Hub trains community mediators to access crowdfunding

Access to seed funding makes a huge difference for small community projects. A trained mediator can help others to run effective crowdfunding campaigns.

Crowdfunding, the practice of funding a project or venture by raising small amounts of money from a large number of people is still in its infancy in Namibia.

Since 2017, we have had Namstarter, a local crowdfunding platform for the Havana community – developed by RLabs Namibia, another Namibia University of Science and Technology project funded by the Embassy of Finland.

For those who want to attract crowd funders outside the Namstarter space – or attract more visitors to Namstarter – there are thousands of online platforms on offer. Through sites such as Indiegogo, Kickstarter and Causes, one can reach millions of people all over the world. But how to know where to go, what to write, and what kinds of images to post?

A new training concept now answers precisely these questions. Together with Aalto University (Finland), The Inclusive and Collaborative Local Tech Innovation Hub has developed a programme to train tech mediators from urban and rural communities. The mediators learn to establish and run crowdfunding campaigns for their communities.

A 5-day pilot of the training took place in Windhoek recently. It was attended by five people from Windhoek’s informal settlement of Havana – the home of the Namstarter community – and by four people from San settlements in the rural areas.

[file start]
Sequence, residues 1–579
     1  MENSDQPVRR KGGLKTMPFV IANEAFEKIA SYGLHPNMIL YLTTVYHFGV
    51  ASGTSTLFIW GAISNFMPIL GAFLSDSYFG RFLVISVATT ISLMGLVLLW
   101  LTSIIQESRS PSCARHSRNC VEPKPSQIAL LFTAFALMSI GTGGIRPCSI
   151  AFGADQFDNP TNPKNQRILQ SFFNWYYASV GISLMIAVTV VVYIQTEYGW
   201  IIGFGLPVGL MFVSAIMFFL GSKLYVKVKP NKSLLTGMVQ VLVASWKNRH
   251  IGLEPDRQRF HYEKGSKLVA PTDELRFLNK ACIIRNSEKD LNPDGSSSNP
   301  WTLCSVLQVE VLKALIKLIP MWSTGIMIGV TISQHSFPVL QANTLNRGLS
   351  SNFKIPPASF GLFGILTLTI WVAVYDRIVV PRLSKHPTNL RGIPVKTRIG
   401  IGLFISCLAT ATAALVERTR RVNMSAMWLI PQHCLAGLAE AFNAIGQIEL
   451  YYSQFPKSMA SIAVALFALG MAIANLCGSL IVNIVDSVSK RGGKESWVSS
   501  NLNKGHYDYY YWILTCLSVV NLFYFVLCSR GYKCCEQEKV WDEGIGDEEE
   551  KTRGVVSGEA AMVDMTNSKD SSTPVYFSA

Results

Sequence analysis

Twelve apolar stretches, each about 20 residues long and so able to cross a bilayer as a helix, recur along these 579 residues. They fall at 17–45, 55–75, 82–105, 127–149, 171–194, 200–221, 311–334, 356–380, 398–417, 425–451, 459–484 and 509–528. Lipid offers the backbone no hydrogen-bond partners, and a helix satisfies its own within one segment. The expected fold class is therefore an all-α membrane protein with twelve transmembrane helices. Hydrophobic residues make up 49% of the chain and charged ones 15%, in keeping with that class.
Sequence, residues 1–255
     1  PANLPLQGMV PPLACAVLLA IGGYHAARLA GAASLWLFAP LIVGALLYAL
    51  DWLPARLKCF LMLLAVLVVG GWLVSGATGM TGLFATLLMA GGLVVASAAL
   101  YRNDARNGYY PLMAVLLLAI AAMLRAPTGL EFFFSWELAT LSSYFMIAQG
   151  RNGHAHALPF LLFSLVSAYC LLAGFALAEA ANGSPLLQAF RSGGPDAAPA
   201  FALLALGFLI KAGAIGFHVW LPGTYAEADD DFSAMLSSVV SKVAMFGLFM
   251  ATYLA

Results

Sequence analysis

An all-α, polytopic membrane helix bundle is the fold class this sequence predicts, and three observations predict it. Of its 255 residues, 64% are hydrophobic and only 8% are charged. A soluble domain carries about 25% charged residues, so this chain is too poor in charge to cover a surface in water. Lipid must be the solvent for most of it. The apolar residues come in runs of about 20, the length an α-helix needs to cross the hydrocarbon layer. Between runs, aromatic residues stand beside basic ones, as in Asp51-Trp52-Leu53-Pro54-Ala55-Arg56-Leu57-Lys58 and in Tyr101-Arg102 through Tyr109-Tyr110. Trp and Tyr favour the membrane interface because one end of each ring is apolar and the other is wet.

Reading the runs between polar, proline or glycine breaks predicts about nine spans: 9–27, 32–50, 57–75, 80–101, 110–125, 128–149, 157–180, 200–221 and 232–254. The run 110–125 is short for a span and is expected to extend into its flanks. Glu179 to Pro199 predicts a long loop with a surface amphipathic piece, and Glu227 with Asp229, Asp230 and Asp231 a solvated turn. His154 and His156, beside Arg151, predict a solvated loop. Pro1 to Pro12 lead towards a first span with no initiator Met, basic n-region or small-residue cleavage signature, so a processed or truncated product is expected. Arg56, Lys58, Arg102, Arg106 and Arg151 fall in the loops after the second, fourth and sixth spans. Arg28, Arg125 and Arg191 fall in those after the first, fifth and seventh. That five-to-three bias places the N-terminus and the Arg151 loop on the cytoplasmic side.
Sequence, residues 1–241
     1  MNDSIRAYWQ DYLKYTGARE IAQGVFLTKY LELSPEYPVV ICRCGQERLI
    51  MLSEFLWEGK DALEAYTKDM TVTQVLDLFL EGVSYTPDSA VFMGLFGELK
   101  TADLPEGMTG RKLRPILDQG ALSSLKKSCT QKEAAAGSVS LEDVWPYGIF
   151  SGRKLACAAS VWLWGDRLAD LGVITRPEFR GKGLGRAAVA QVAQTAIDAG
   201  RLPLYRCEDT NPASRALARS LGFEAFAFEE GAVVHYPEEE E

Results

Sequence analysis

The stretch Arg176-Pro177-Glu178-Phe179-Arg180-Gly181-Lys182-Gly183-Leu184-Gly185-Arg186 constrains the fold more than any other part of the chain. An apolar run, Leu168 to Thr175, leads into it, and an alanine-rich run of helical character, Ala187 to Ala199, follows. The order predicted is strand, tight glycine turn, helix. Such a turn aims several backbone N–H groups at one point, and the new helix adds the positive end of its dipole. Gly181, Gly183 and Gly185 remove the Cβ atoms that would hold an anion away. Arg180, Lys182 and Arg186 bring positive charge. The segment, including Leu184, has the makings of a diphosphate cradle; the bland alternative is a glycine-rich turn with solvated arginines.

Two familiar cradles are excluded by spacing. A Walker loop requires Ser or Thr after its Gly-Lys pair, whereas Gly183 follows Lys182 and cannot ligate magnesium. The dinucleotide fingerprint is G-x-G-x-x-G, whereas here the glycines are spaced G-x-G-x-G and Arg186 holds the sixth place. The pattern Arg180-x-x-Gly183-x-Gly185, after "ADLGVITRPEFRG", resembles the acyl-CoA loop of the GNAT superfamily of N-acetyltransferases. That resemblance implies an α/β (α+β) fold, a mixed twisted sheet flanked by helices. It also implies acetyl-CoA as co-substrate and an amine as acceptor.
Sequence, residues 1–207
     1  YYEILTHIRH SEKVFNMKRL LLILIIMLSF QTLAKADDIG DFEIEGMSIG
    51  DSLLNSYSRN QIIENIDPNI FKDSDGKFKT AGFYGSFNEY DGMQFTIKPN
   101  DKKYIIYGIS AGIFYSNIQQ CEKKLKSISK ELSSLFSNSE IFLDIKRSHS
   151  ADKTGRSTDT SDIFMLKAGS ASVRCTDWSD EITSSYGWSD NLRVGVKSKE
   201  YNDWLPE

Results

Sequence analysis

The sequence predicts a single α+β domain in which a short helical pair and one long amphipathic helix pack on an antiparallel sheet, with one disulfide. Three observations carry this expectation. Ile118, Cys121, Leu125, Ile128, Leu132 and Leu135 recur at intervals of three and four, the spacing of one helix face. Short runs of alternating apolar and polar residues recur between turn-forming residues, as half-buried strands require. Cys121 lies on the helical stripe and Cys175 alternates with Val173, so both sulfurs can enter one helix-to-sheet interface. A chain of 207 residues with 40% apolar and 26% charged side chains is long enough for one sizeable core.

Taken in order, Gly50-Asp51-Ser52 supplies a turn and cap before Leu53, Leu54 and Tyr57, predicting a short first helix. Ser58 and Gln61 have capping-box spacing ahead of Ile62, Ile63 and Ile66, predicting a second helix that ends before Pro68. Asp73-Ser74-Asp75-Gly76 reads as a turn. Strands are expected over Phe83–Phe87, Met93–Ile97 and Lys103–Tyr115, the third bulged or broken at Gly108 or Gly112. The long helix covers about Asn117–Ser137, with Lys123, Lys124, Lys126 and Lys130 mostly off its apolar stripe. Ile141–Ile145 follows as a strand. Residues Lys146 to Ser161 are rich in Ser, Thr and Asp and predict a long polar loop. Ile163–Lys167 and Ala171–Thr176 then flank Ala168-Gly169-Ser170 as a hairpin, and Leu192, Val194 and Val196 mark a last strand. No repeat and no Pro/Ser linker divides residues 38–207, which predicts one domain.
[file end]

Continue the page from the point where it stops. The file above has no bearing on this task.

The training started with an introduction to persuasive photography and videography. The participants then applied their learnings in Havana the next day, where they were tasked to capture photos and videos for their crowdfunding campaigns. With the help of the facilitators, their ideas were turned into production-ready material. After the field day in Havana, the photos and videos were edited by the participants assisted by the facilitators.

The week will result in two crowdfunding campaigns on the famous crowdfunding platform Indiegogo. One campaign will be seeking crowdfunding for Havana’s Namstarter community and another – going under the name of Sanstarter – will be seeking crowdfunding for projects by the Namibian San communities.

The training was well-received by the participants, as captured by their comments afterwards.

Ms Maggy Kamueze, Namstarter Secretary, said: “It was very useful because it was educational and it gave me a new outlook on how to do things on the website. I can now assist the community on how to create awareness about problems affecting them or their businesses to the outside world.”

Mr. Onesmus Shetunyenga, Namstarter Chairperson, said: “The workshop was very helpful. I was taught the skills on how to capture quality images and videos to create a positive impact on our projects and to attract a lot of people onto our website. We were also taught on how to communicate effectively to our possible donors and investors.”

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